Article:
Gene therapy is not the only way in which the lung disease of cystic fibrosis might be controlled. For example, aerosolised amiloride and uridine triphosphate have shown promise in pilot studies.2Recent clinical observations have suggested that drugs used for cancer chemotherapy may induce multidrug resistance proteins which are very similar to CFTR, and which may provide an alternative chloride channel.3 The observation that reducing the temperature of cystic fibrosis fibroblasts in culture enhanced glycosylation of CFTR and its insertion into the cell membrane argued that, at least for the most common mutation (Δ F508), the processing of mutant CFTR might be similarly enhanced by bringing about a chemical, rather than a physical, change in the cells by means of an appropriate pharmacological agent.4 Other therapeutic agents being evaluated include sodium 4-phenylbutyrate (a transcriptional regulator), the xanthine CPX, phosphodiesterase inhibitors such as milrinone, and the tyrosine kinase inhibitor genistein. Updates on progress were given in numerous papers and posters at the North American Cystic Fibrosis Conference in October 1997.5 My personal view is that one or more of these pharmacological agents may reach the market considerably before gene therapy.
Demonstration of physiological efficacy is a long step from demonstrating improved well being and prolonged survival. If and when gene therapy is shown to “normalise” the chloride secretory response across the bronchial mucosa for a reasonable length of time, and to continue to be effective on repeated administration, meaningful trials could begin. The initial phases of such trials would include monitoring for side effects and evaluation of clinical efficacy. Indeed, it is difficult to evaluate new forms of treatment without randomised controlled trials. Because gene therapy will, of necessity, first be tried in patients who already have lung disease, what degree of clinical improvement would we accept as a satisfactory end point? How much would life have to be prolonged to justify imposing a further treatment modality on these long suffering patients? The history of cystic fibrosis is littered with treatments which were fashionable for a while, believed by most clinicians to be effective, but when submitted to rigorous analysis were rightly discarded, thereby often reducing the therapeutic burden for the affected person.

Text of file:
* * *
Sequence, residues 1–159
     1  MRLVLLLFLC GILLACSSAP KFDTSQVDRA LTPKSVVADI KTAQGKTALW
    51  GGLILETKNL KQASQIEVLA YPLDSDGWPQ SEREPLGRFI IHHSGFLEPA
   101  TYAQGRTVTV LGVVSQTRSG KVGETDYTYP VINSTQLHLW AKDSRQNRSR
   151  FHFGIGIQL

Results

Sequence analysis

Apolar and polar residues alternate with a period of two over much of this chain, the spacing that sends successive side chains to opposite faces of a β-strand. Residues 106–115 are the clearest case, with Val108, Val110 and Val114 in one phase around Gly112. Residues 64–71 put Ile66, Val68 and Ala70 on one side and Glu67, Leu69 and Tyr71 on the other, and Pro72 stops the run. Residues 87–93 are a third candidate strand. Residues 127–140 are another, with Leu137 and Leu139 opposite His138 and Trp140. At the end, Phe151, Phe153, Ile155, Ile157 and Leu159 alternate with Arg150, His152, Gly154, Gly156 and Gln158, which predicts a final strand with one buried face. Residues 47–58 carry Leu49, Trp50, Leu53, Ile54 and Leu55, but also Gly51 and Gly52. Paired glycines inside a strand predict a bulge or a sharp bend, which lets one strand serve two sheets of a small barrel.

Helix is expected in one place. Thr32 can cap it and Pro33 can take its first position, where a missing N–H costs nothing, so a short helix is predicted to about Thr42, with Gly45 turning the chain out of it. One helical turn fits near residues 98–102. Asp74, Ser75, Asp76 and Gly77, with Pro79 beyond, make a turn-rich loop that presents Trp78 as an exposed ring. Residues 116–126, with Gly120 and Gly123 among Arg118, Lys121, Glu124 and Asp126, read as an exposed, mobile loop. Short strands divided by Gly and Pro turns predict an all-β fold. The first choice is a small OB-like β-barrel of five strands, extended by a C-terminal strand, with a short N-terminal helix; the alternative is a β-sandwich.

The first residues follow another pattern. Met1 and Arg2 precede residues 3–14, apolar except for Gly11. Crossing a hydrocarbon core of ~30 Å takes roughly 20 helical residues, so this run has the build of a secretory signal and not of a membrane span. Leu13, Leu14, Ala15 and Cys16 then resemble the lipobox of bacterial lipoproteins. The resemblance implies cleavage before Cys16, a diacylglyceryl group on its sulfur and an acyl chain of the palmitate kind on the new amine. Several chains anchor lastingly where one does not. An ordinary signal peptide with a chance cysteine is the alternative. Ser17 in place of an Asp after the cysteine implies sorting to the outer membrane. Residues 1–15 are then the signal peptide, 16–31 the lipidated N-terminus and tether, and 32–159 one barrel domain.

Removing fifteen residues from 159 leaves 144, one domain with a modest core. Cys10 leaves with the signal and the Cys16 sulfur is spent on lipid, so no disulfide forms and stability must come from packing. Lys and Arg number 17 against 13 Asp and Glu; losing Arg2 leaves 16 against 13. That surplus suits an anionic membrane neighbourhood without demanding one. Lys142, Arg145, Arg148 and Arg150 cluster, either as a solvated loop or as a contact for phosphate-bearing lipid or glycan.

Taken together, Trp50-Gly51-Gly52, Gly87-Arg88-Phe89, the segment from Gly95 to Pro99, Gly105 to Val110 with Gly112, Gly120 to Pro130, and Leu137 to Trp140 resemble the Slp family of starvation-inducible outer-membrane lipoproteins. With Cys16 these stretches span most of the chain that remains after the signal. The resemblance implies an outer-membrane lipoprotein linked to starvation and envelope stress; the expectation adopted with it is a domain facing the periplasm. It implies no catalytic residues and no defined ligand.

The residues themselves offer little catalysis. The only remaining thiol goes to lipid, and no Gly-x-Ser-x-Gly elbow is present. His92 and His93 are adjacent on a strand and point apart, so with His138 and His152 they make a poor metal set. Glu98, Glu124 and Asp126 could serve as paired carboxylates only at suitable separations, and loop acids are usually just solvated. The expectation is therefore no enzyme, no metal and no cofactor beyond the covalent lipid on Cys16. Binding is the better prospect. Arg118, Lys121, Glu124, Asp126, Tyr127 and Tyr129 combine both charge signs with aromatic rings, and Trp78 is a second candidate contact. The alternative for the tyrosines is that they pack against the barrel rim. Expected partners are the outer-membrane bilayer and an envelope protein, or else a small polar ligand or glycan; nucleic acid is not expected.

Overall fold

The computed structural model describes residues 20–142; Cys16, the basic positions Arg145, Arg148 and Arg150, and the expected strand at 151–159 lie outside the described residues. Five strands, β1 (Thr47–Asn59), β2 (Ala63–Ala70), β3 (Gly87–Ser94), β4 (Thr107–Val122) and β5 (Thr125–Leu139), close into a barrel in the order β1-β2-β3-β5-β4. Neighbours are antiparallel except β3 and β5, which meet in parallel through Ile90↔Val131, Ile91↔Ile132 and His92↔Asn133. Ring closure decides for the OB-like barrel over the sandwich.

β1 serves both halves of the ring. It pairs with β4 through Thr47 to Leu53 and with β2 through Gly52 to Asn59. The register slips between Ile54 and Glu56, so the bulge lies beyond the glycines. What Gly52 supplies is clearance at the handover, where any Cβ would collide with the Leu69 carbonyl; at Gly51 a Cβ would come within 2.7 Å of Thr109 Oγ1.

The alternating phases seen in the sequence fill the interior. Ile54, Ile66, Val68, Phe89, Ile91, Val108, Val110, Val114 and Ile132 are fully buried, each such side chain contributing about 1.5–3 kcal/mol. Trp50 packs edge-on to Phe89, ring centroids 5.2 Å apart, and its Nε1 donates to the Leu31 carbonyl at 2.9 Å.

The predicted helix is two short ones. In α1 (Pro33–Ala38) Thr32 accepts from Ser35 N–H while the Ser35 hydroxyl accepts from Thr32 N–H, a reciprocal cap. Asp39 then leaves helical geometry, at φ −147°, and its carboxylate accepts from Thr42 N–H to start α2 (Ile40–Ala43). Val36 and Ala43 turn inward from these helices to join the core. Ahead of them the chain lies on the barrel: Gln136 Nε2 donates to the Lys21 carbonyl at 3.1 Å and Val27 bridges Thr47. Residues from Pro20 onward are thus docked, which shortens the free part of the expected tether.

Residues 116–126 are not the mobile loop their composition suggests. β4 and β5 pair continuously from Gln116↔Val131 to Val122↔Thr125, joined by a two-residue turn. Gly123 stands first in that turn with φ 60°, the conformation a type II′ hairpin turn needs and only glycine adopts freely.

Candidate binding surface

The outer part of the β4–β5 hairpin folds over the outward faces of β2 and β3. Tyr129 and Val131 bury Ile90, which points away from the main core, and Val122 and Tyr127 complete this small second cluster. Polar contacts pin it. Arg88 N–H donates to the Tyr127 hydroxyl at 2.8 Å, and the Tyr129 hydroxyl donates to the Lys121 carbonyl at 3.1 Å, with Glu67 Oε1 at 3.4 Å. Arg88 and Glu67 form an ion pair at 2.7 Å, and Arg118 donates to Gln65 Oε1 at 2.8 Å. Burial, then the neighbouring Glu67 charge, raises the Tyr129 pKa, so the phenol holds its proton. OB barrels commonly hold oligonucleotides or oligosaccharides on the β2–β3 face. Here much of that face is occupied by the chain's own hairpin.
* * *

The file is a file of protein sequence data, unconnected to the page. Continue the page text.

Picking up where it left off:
I make no apology for coming back to the patient. Cystic fibrosis patients are, in many cases, unrealistically pinning their hopes upon gene therapy which, as was pointed out in an editorial in theLancet, may have been “oversold” to research funding bodies and to the general public.6 For the foreseeable future their prognosis depends more upon the less glamorous development of current methods, and perhaps new pharmacological approaches, than upon gene therapy. The here and now message (the Fax?) is that delivery of gene therapy cannot be guaranteed.